Chagas Registry Q42022

Vida Pharmacal Chagas Registry Q4 2022 Summary Report

Happy and blessed New Year 2023. We have some exciting, useful updates this past quarter with our Chagas prevalence numbers. Cases are climbing! That means you’re testing and screening your patients, and it’s helping us get our head around true infection rates in our region.

One pattern that we’ve noticed over the past few years is low antibody titers on the T cruzi IFA at TVMDL, those below 1:80, and retested dogs sero-reverting to negative on a second test within a month or two of the initial positive Chagas screen. I’d like to take this opportunity to explain what and why we’re seeing this phenomenon.

IFA, or indirect immunofluorescent antibody test, has been the only commercially available antibody screening test in dogs for decades. Performed at TVMDL in College Station, this antibody test uses crude, crushed up epimastigotes from kissing bugs, fixed on a microscope slide, to detect antibodies in companion animals applied directly onto the slide. After washing the slide, a fluorescent tagged anti- antibody is then applied to the sample-slide mix and analyzed under a microscope using a special light. Any infected patient samples will fluoresce, indicating a positive result, and any negative samples will display zero fluorescence. Positive samples are diluted at various volumes, starting out at 1 part per 20 (1:20) and diluted all the way until the sample is either not fluorescing (negative) or if it gets to 1 part per 1280 (1:1280) when the test is terminated. Any fluorescence is indicative of antibodies against T cruzi, and considered an infected patient.

The advantage of this test is that it’s reasonably sensitive (90%) and specific (97%), and available to us. The disadvantages, however, are that it will miss certain antibodies made by our patients against 1) different strains of T cruzi and 2) antibodies against other parts of the parasite that are not on the slide in sufficient numbers. This results in a false negative results (patient actually infected but our test didn’t detect it). Another disadvantage is the high degree of cross reactivity to Leishmania species, and while we don’t have Leishmania in significant numbers in the US, this is a serious problem in Central and South America.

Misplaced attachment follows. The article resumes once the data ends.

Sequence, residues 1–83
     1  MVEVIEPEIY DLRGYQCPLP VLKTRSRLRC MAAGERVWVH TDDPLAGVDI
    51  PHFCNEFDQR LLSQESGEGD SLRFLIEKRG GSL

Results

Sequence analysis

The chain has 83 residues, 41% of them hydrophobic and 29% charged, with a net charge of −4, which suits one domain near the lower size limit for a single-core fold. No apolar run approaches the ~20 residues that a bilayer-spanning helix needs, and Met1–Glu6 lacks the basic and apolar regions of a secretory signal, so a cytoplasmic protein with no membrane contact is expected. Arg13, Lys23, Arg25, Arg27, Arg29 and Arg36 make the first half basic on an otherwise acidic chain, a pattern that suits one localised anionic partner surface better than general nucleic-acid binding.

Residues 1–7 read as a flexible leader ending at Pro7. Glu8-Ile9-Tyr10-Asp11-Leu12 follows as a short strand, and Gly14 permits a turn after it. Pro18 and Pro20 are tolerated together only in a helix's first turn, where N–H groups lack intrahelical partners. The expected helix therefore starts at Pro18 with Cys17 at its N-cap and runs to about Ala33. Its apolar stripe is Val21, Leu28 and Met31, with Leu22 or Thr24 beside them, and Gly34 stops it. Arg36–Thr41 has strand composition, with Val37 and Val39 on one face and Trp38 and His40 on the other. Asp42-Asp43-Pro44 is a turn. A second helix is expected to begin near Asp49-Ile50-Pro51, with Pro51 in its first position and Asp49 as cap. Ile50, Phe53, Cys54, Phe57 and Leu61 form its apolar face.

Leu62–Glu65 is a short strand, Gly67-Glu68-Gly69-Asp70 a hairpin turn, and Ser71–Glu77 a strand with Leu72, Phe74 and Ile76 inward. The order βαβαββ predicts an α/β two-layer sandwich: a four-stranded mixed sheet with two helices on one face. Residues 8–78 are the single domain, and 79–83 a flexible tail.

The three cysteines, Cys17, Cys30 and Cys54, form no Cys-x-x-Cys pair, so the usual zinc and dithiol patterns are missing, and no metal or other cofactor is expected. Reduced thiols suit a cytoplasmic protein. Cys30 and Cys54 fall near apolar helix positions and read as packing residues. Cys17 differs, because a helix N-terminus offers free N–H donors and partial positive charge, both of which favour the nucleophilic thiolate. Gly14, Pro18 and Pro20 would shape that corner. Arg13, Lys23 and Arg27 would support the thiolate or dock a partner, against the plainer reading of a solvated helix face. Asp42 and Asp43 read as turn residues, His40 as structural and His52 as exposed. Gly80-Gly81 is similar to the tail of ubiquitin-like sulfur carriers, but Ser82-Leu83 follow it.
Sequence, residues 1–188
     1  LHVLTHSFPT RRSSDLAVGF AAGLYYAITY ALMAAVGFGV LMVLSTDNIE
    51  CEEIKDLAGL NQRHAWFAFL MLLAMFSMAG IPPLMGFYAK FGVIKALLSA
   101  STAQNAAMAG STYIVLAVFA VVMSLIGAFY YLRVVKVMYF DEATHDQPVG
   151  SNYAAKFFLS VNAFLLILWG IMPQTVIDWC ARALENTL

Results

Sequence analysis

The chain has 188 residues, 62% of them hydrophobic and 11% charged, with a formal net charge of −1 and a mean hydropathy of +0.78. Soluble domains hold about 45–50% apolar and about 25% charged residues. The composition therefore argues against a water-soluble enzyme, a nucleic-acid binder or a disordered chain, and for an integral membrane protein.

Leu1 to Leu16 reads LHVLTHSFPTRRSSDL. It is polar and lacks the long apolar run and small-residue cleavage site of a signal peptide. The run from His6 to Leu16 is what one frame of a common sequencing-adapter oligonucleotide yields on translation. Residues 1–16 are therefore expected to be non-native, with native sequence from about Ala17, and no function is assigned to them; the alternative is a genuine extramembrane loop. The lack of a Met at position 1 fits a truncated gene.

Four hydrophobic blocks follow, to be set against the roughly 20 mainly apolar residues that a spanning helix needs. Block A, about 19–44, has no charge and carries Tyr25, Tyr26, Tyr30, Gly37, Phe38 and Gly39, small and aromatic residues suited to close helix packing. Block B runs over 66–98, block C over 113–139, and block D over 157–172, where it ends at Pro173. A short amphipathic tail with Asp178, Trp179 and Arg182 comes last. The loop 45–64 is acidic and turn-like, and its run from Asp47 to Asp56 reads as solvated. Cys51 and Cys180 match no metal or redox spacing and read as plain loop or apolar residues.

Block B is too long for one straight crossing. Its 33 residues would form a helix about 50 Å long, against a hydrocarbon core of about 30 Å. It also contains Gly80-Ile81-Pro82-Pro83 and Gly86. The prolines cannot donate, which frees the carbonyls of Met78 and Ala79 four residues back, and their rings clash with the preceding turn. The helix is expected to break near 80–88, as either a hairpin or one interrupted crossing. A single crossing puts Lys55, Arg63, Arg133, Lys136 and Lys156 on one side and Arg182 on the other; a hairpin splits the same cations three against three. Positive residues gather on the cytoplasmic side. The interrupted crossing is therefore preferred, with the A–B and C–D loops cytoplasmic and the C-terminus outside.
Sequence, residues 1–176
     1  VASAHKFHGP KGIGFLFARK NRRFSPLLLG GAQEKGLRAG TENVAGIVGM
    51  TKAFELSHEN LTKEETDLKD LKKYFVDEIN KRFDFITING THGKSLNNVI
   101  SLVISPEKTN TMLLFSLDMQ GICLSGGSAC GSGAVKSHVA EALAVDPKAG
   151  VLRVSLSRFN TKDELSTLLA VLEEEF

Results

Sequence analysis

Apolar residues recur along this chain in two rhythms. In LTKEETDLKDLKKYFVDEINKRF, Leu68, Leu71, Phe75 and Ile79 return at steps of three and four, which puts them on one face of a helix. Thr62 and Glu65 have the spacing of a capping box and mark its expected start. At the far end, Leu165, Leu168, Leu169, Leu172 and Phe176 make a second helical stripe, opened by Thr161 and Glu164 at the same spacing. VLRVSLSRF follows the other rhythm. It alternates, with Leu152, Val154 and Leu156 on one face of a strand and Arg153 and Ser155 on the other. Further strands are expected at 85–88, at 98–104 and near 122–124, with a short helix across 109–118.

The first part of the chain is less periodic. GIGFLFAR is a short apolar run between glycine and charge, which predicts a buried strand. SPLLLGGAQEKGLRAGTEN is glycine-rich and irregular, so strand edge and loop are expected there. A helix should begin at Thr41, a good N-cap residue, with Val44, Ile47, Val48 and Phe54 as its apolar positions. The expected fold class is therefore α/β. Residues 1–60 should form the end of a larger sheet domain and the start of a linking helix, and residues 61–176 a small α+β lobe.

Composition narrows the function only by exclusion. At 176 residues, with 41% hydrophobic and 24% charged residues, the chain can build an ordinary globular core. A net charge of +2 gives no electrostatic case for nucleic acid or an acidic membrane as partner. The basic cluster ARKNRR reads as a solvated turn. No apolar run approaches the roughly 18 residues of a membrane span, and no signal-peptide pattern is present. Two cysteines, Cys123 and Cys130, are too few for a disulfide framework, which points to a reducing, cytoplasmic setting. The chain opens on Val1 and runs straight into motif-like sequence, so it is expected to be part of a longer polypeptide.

The newer technology, ELISA, uses subunit antigens that are present in ALL species of T cruzi, in high numbers, and have fewer cross reactions with Leishmania species. Sensitivity is 99-100% (chance of finding an infected patient) and specificity is 100%. This is a superior test to the IFA in many ways, and can detect lower levels of antibodies in infected animals. VRL laboratories in San Antonio is using this technology to detect Chagas antibodies, and available to veterinarians now.

Some pets have very low antibody levels on IFA (1:20-1:80) and the recommendations from TVMDL or some specialists may be to recheck this value in 30 days since it’s low. It’s important to know that ANY antibody detected on the IFA, no matter how “low”, is significant and means the patient is infected with T cruzi (if it hasn’t received treatment). Since the IFA has been modified in the past few years by increasing the threshold (lowering the ability of the test to detect antibody levels) of antibody detection, it takes a LOT more antibody to make that test light up and give us a positive. It would follow that when the pets antibodies dip below a certain point, even though they’re present, the test will falsely report negative. We see this clinically sometimes, and can be confusing to both the veterinarian and the owner.

Similar to low titers, patients can also sero-revert from positive to negative on the IFA without treatment. They have one of two processes going on: 1) they self-cured or 2) the antibodies dipped below the threshold for detection. While it’s possible to have self-cure in a dog, its rare, and shouldn’t be expected. The most likely scenario is the antibodies temporarily went below the tests ability to detect antibodies.

In either of these situations of low or conflicting results, ELISA represents a reasonable solution using a sensitive test. .

Please note, and this is VERY important, there are NO FALSE POSITIVES in Texas. We don’t have Leishmania, and there isn’t anything else that cross reacts with the ELISA antibody. You can rely on this test as a gold standard, and trust your results as a positive indicating infection and not just “exposure”.

If you have questions about testing or anything else concerning Chagas disease, please contact us, we’re happy to help.

Roy Madigan and The Vida team